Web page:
The Bennet sisters are at it again. The memorable young ladies from Jane Austen’s novel “Pride and Prejudice” are back on the scene in the opening play of the 49th season of the Theater at Monmouth.

Daniel Elihu Kramer’s “Pride@Prejudice” puts a post-modern spin on the early-19th-century classic. Actors play multiple roles, step out of character to consult electronic devices, update and quiz the audience on the progress of the play, provide visual aids including charts and re-enacted snippets from movie versions of the novel and offer relevant passages from the personal correspondence of Austen.

It’s all about having a bit of clever but affectionate fun with the classic tale of manners, class consciousness and romantic purposes in a long-ago England. Just enough delectable moments of 19th-century form are retained in this production to counter the play’s obvious nod to 21st-century ways of thinking about literature.

The Bennet daughters hope to find suitable marriage partners among the moneyed class with an added urgency as their family faces financial ruin. With no immediate male heirs, the Bennets’ meager estate may go to a distant relative and leave them out in the cold. But the task is not that easy as the upper crust erects barriers that threaten the Bennets’ reputation.

The feisty Elizabeth Bennet becomes the focus as she fends off suitors, to the alarm of her mother, while struggling to resist the ultimately irresistible Mr. Darcy. The reluctant lover’s mutual discomfort with the other’s excessive pride and ensuing prejudices threads through several subplots outlining the nature of “romance” in their social milieu.

Katie Croyle plays Elizabeth with the requisite high spirits as her character seeks some measure of control in a world that she wishes were more welcoming of her independent vision. Her actions are convincingly portrayed as coming from a good heart almost too large to contain.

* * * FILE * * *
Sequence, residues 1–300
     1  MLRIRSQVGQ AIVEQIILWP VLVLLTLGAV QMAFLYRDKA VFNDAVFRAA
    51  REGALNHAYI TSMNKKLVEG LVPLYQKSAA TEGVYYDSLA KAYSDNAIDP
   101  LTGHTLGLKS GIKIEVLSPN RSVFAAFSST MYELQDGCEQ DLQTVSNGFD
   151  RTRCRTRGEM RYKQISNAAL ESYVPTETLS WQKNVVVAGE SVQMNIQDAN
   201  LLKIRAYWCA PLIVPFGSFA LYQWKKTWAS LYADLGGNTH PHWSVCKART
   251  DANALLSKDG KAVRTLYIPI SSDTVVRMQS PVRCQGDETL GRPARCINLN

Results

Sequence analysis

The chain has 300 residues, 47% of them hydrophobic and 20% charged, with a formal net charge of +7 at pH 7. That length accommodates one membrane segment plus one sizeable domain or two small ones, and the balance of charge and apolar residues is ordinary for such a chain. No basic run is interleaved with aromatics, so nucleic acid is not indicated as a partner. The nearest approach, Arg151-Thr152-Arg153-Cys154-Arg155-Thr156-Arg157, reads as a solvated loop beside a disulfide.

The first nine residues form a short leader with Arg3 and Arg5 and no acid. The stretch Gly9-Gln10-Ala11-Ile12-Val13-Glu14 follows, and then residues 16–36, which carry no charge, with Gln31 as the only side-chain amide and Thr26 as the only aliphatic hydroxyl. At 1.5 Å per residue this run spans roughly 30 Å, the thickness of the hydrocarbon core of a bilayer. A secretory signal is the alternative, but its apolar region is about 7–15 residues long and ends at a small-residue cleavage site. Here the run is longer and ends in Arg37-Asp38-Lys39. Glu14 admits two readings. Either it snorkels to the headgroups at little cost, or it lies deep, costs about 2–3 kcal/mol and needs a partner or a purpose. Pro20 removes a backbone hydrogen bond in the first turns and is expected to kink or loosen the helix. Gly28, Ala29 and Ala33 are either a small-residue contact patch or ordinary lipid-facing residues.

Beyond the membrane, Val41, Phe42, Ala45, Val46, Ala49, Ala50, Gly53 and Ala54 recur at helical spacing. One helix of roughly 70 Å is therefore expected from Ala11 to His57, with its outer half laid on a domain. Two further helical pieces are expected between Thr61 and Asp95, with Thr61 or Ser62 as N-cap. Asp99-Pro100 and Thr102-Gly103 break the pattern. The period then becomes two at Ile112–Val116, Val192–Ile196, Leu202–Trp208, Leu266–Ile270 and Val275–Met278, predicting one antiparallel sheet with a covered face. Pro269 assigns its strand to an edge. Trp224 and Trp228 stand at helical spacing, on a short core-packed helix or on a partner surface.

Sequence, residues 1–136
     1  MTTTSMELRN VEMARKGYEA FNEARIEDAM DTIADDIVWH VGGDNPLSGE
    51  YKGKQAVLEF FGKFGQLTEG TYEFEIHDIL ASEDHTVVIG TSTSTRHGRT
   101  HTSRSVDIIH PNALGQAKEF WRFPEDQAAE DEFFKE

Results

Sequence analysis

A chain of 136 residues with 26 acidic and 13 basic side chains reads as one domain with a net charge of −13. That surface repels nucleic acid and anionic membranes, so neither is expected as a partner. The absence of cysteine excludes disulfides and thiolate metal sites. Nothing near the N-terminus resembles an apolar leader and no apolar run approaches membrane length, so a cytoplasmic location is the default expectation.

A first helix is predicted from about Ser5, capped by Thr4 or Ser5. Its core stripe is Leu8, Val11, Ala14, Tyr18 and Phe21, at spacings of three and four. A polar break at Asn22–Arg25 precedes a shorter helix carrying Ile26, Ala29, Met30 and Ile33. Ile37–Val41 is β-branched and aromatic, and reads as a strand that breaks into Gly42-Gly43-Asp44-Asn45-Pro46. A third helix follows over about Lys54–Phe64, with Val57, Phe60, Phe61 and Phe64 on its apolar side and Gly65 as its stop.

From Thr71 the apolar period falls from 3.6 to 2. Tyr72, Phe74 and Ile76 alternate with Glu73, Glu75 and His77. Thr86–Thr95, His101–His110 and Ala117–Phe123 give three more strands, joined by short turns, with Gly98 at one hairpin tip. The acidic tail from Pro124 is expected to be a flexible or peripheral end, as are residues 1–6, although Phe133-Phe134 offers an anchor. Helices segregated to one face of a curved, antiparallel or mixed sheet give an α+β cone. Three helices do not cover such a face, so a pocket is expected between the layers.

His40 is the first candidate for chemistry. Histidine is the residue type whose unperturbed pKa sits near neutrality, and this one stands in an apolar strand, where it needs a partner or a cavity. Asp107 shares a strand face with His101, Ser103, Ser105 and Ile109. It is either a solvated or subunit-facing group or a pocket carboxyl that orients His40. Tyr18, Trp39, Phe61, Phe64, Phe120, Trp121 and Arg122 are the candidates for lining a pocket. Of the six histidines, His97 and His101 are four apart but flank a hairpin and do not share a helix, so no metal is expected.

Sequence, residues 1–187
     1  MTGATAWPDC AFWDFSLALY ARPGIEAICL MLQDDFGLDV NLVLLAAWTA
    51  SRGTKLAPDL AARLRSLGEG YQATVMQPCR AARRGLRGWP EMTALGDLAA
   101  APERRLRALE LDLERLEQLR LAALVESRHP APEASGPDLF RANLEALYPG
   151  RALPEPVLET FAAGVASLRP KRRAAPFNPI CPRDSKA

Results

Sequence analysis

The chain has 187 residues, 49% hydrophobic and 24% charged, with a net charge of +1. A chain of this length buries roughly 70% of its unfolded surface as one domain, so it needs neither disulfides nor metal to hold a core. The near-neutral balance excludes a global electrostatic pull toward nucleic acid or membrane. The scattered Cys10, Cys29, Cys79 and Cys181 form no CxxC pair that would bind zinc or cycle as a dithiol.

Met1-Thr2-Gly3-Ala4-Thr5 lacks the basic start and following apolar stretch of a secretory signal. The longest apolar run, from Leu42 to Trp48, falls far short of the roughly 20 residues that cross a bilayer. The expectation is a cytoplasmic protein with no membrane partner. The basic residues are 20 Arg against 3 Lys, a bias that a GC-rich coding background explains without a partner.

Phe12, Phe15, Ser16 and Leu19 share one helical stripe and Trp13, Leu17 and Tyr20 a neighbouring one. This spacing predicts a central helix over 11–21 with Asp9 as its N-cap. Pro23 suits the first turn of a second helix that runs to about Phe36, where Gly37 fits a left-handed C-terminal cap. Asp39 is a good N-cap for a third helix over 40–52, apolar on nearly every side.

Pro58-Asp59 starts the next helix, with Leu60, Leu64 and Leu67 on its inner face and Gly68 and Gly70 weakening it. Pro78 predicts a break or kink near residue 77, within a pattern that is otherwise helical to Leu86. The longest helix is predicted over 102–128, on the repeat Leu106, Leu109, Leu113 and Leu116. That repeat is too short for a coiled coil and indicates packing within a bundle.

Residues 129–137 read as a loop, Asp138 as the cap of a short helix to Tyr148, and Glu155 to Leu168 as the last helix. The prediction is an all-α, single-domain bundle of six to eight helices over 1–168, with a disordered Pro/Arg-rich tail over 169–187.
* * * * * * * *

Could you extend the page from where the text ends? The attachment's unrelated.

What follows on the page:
Marshall Taylor Thurman’s Darcy says volumes with his silences as he quietly copes with the disarmingly attractive strength of Elizabeth’s personality. Thurman has much more fun as the stumbling Mr. Collins who proposes to a fleeing Elizabeth before marrying her friend.

KP Powell as Mr. Bennet and Bibi Mama as Mrs. Bennet.

Amber McNew, as sister Jane Bennet, shares girlish confidences with Elizabeth in her prime role but also excels on the comic level in a large handful of parts. Her snotty Lady Catherine and conniving Caroline Bingley are hilariously recognizable.

Bibi Mama and KP Powell round out the cast as the senior Bennets and also fill several other roles. Mama is very funny as the overbearing matriarch while Powell stands out in moments calling for careful timing and a satiric attitude.

The period costumes and drawing room/library set accentuate the scholarly ambiance of this witty adaptation directed by Janis Stevens. At the final bow, it was striking to see only five performers come forward in a production that seemed to feature many more.

Steve Feeney is a freelance writer who lives in Portland.

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